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Towards a green economy

1 Introduction: Setting the stage for a green economy transition

1.1 From crisis to opportunity

The last two years have seen the idea of a “green economy” float out of its specialist moorings in environmental economics and into the mainstream of policy discourse. It is found increasingly in the words of heads of state and finance ministers, in the text of G20 communiques, and discussed in the context of sustainable development and poverty eradication.

This recent traction for a green economy concept has no doubt been aided by widespread disillusionment with the

prevailing economic paradigm, a sense of fatigue

emanating from the many concurrent crises and market failures experienced during the very first decade of the new millennium, including especially the financial and economic crisis of 2008. But at the same time, there is increasing evidence of a way forward, a new economic paradigm – one in which material wealth is not delivered perforce at the expense of growing environmental risks, ecological scarcities and social disparities.

Mounting evidence also suggests that transitioning to a green economy has sound economic and social justification. There is a strong case emerging for a redoubling of efforts by both governments as well as the private sector to engage in such an economic transformation. For governments, this would include leveling the playing field for greener products by phasing out antiquated subsidies, reforming policies and providing new incentives, strengthening market infrastructure and market-based mechanisms, redirecting public investment, and greening public procurement. For the private sector, this would involve understanding and sizing the true opportunity represented by green economy transitions across a number of key sectors, and responding to policy reforms and price signals through higher levels of financing and investment.

An era of capital misallocation Several concurrent crises have unfolded during the last decade: climate, biodiversity, fuel, food, water, and more recently, in the global financial system. Accelerating carbon emissions indicate a mounting threat of climate change, with potentially disastrous human consequences. The fuel price shock of 2007-2008 and the related skyrocketing food and commodity prices,


reflect both structural weaknesses and unresolved risks. Forecasts by the International Energy Agency (IEA) and others of rising fossil fuel demand and energy prices suggest an ongoing dependence as the world economy struggles to recover and grow (IEA 2010).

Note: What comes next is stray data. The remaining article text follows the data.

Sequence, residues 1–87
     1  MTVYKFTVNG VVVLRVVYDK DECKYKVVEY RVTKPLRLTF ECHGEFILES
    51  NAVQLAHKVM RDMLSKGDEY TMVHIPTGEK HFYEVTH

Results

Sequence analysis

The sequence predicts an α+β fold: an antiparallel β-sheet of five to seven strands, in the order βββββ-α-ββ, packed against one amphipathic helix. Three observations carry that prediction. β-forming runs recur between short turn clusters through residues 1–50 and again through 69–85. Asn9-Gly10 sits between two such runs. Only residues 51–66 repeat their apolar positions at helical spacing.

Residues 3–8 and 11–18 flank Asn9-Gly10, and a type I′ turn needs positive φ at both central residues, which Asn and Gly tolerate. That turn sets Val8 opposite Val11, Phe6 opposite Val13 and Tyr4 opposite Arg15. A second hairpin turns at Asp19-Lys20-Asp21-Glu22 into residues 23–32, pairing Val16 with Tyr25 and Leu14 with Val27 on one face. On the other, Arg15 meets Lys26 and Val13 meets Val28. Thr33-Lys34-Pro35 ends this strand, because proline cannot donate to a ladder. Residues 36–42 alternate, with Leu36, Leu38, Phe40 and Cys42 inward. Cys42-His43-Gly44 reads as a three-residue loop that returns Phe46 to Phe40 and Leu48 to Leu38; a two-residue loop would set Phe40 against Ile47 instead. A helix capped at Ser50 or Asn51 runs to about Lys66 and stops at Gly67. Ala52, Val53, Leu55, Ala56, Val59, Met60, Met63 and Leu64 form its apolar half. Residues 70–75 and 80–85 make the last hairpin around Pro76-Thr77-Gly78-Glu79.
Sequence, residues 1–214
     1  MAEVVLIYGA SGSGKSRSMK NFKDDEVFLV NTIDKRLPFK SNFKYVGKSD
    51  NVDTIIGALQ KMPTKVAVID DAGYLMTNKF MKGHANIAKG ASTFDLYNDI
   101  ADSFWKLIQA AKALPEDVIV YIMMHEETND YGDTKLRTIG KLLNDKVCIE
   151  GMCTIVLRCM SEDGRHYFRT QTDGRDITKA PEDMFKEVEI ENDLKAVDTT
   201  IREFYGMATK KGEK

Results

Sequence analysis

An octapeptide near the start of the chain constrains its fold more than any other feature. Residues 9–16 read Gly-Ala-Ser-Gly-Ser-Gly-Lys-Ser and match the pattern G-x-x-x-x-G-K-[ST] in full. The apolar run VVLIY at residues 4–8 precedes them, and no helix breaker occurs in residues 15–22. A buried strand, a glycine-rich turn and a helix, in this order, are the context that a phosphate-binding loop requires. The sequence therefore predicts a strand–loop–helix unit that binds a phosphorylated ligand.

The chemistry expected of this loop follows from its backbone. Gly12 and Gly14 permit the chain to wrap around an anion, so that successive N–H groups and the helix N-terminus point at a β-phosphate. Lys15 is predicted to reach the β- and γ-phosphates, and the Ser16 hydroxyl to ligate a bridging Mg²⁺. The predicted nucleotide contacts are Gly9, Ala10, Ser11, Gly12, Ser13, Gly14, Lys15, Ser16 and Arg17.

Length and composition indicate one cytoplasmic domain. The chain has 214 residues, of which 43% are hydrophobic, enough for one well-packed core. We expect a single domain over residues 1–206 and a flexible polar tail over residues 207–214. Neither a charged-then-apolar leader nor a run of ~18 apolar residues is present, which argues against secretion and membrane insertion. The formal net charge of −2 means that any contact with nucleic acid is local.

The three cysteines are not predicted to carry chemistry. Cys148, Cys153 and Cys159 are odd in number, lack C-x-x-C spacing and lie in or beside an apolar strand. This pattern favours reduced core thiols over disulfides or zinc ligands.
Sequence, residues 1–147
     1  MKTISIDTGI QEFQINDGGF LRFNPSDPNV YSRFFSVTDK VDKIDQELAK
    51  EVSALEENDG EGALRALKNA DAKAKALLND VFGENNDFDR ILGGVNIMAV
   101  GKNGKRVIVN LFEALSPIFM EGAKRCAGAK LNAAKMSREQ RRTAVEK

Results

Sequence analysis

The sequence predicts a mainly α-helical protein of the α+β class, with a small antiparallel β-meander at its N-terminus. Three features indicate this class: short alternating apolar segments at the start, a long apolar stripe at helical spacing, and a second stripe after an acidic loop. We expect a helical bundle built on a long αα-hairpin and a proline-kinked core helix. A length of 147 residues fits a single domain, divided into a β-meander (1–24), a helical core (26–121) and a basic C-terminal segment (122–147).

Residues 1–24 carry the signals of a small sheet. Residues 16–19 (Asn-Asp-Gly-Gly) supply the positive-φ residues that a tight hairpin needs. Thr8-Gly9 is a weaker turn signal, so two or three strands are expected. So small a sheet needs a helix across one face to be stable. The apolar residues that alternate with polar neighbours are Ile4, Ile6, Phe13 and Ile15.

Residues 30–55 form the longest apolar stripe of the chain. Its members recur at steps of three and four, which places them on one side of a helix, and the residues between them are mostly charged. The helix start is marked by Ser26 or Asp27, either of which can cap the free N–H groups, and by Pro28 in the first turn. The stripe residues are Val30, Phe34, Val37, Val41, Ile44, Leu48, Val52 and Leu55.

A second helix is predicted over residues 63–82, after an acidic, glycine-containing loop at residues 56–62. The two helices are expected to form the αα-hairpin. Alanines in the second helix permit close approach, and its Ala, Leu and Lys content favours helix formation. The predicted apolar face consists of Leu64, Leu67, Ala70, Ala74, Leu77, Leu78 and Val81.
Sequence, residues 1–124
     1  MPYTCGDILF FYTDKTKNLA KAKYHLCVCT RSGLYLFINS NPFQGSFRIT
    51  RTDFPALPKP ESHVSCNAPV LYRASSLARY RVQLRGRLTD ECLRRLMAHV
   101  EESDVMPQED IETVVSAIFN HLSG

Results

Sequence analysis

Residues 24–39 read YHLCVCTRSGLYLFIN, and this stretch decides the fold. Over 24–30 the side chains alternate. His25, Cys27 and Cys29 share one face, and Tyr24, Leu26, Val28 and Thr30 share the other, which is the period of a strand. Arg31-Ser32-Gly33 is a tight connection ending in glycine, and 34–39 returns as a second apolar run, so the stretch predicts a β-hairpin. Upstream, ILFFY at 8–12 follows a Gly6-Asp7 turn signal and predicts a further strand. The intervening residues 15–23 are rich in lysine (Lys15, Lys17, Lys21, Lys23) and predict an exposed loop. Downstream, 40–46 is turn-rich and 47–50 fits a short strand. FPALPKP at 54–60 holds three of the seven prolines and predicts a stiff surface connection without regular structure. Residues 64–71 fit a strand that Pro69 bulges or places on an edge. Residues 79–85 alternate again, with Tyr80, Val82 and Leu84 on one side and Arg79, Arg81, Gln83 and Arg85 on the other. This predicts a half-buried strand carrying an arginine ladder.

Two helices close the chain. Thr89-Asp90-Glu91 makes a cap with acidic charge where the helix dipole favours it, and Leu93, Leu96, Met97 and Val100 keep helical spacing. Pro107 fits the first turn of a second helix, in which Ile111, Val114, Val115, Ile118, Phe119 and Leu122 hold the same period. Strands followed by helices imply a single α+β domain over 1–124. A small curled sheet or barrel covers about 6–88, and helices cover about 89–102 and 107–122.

Currently, there is no international consensus on the problem of global food security or on possible solutions for how to nourish a population of 9 billion by 2050. See Box 1 for further information on the population challenge. Freshwater scarcity is already a global problem, and forecasts suggest a growing gap by 2030 between annual freshwater demand and renewable supply (McKinsey and Company 2009). The outlook for improved sanitation still looks bleak for over 1.1 billion people and 844 million people still lack access to clean drinking water (World Health Organization and UNICEF 2010). Collectively, these crises are severely impacting the possibility of sustaining prosperity worldwide and achieving the Millennium Development Goals (MDGs) for reducing extreme poverty. They are also compounding persistent social problems, such as job losses, socio-economic insecurity, disease and social instability.

The causes of these crises vary, but at a fundamental level they all share a common feature: the gross misallocation of capital. During the last two decades, much capital was poured into property, fossil fuels and structured financial assets with embedded derivatives. However, relatively little in comparison was invested in renewable energy, energy efficiency, public transportation, sustainable agriculture, ecosystem and biodiversity protection, and land and water conservation.

Most economic development and growth strategies encouraged rapid accumulation of physical, financial and human capital, but at the expense of excessive depletion and degradation of natural capital, which includes the endowment of natural resources and ecosystems. By depleting the world’s stock of natural wealth – often irreversibly – this pattern of development and growth has had detrimental impacts on the well- being of current generations and presents tremendous risks and challenges for the future. The recent multiple crises are symptomatic of this pattern.

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